The MV Agusta 750S came out in 1970, it was a superbike the world had been asking for for years, but there was just one catch – it cost almost three times as much as a Honda CB750.
The crown jewel of the MV Agusta 750S was its engine, an advanced inline four-cylinder all-alloy engine with double overhead camshafts, electric starter and unit construction including a 5-speed gearbox. It was one of the most technically sophisticated motorcycles in production at the time of its unveiling.
Quick Facts – The MV Agusta 750S
- Only 583 examples of the MV Agusta 750S would be built between 1970 and 1975, this was not due to a lack of public interest or desire for the model, but rather its exceptionally high price.
- MV Agusta had been developing transverse inline-four motorcycle engines since 1950, having poached two of Gilera’s best engineers and faithfully reproduced their race-winning inline-four.
- The new transverse 500cc inline-four has proven to be just as effective as MV Agusta’s other bikes, helping the Italian company win 270 Grand Prix motorcycle races, 38 World Riders’ Championships and 37 World Riders’ Championships. builders.
- With its 743cc DOHC inline-four producing 72bhp at 9,200rpm, the 750S had a top speed of 200kph, making it one of the most capable and fastest production superbikes. research of his time.
The four Italian transversals
The real story of the MV Agusta 750S dates back to the 1920s, when two young Italians named Carlo Gianini and Piero Remor developed a 500cc SOHC inline four-cylinder motorcycle engine capable of developing 28 bhp – an astonishing figure for the time.
It wasn’t the first inline-four fitted to a motorcycle, but it was the first to be transversely or laterally bolted. Earlier inline-four motorcycles had them mounted longitudinally, resulting in a long wheelbase and insufficient cooling of the rear cylinders.
Gianini and Remor had proven the concept, but they suffered from a severe lack of funding to continue development. Fortunately, aero-engine builder CNA stepped in and took over the project – developing the engine into a liquid-cooled, supercharged DOHC inline-four, now capable of over 80hp.
Named the “Rondine”, it is said to be the motorcycle engine that propelled 1st and 2nd place finishes in the 1935 Tripoli Grand Prix in Italy.
The Arrival Of Gilera And La Rondine
Shortly after the success of the Rondine-powered motorcycles at the Tripoli Grand Prix, the design was purchased by Guiseppe Gilera of the Gilera motorcycle company.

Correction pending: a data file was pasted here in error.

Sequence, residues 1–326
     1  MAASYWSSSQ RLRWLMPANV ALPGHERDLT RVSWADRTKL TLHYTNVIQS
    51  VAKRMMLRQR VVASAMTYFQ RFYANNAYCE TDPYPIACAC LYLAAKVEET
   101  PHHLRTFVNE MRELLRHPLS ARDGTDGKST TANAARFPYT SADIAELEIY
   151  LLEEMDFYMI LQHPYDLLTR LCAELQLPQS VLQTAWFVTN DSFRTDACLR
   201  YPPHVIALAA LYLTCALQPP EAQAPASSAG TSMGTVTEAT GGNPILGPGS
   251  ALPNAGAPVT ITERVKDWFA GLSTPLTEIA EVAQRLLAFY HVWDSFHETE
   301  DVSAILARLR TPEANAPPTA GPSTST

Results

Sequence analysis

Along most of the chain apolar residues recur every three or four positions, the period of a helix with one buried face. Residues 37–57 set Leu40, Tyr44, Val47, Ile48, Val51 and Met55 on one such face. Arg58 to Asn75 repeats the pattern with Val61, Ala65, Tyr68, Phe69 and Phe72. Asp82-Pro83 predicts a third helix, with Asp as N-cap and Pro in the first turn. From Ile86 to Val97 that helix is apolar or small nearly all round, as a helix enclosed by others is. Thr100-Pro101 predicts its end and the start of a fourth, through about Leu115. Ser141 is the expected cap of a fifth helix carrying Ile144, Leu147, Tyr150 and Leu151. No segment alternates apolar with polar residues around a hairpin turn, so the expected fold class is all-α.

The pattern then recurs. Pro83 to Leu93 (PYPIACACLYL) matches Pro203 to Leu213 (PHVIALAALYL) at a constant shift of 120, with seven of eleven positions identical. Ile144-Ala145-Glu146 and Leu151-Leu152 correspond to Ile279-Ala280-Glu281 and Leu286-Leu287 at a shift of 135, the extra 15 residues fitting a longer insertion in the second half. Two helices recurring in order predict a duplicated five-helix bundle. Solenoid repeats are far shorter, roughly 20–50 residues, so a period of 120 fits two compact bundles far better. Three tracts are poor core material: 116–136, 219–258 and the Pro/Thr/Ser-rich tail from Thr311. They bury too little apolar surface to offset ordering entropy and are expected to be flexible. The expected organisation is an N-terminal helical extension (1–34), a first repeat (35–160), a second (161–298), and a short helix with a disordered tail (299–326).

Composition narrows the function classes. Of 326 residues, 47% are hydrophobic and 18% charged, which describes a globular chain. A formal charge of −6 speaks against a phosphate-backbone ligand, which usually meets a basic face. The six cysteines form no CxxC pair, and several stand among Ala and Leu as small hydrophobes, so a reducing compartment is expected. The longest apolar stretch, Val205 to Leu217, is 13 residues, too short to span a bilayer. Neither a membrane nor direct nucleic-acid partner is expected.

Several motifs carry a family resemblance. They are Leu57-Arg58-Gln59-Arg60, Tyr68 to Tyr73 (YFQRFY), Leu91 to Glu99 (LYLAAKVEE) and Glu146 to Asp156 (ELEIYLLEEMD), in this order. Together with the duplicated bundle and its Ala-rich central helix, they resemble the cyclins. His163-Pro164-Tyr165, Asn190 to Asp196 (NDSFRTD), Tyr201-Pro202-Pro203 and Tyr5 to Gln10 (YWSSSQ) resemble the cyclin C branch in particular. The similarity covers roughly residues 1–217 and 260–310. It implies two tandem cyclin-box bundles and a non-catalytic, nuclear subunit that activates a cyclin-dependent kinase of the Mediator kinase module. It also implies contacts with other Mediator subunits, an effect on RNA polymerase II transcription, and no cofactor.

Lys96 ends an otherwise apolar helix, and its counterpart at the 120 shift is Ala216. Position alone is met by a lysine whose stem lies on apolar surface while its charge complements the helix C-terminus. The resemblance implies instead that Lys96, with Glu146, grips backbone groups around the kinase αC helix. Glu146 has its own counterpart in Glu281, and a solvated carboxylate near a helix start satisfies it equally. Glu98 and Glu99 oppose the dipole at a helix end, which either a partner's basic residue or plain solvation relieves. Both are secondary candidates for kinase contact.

Gilera engineers developed a modified version of the Rondine engine and continued to compete with it until the outbreak of World War II in Europe in 1939.
After the war a new transverse inline-four was developed from scratch, it was one of the most advanced motorcycle engines in the world at the time and it propelled Gilera riders to a multitude of race and championship victories.
MV Agusta: extraordinary headhunters
In 1949, MV Agusta successfully hired the Gilera team’s chief engine designer and chief mechanic – Piero Remor and Arturo Magni respectively. It was the same Piero Remor who had co-developed the first transverse inline-four in the early 1920s.
It was a major coup for MV Agusta, the pair set out to design a 500cc transverse four that was so similar to their original Gilera design that people were wondering if any parts could be swapped between them.
This new engine has proven itself in competition time and time again, along with the other MV Agusta’s it has helped the company to 270 Motorcycle Grand Prix victories, 38 Drivers’ World Championship victories and 37 World Championship victories. builders.
MV Agusta 750S
For years, Grand Prix motorcycle racing fans have been clamoring for a road-legal production version of the MV Agusta race bikes.
The company had held that back, no one is quite sure why, but the most likely reason seemed to be that they didn’t want privateer racers competing alongside the factory race bikes and possibly beating them.
The company finally acquiesced in 1965, releasing the MV Agusta 600 – a cruiser-style motorcycle fitted with a 600cc version of their famous transverse quad. The bike wasn’t particularly attractive, it certainly wasn’t sporty, and it cost a small fortune.
Sales of the 600 were dismal and in 1970 the company finally gave the motorcycling public what they had always wanted – the MV Agusta 750S.
Now, with its engine bored out to 743cc, the DOHC transverse four-cylinder produced 72bhp at 9,200rpm and had a top speed of 200kph or 120mph. It cost three times the price of the Honda CB750, a Japanese motorcycle that was no doubt inspired by the powerful Italian fours.
Sales were relatively slow, with just over 100 built per year for five years, 583 were built in total. Today, they are among the most collected superbikes of the era.
The MV Agusta 750S you see here is a 1974 model, the penultimate year of production. It’s finished in the company’s classic red/blue/white livery.
Perhaps most interestingly, it was recently restored to concours condition by none other than Giovanni Magni – the son of Arturo Magni, who was Race Director for MV Agusta throughout the 1950s, 1960s and 1970s.
It is to be auctioned live online, with bidding starting in four days at the time of writing. If you want to see more, learn more or register to bid you can see the list here.
Images courtesy of Car & Classic
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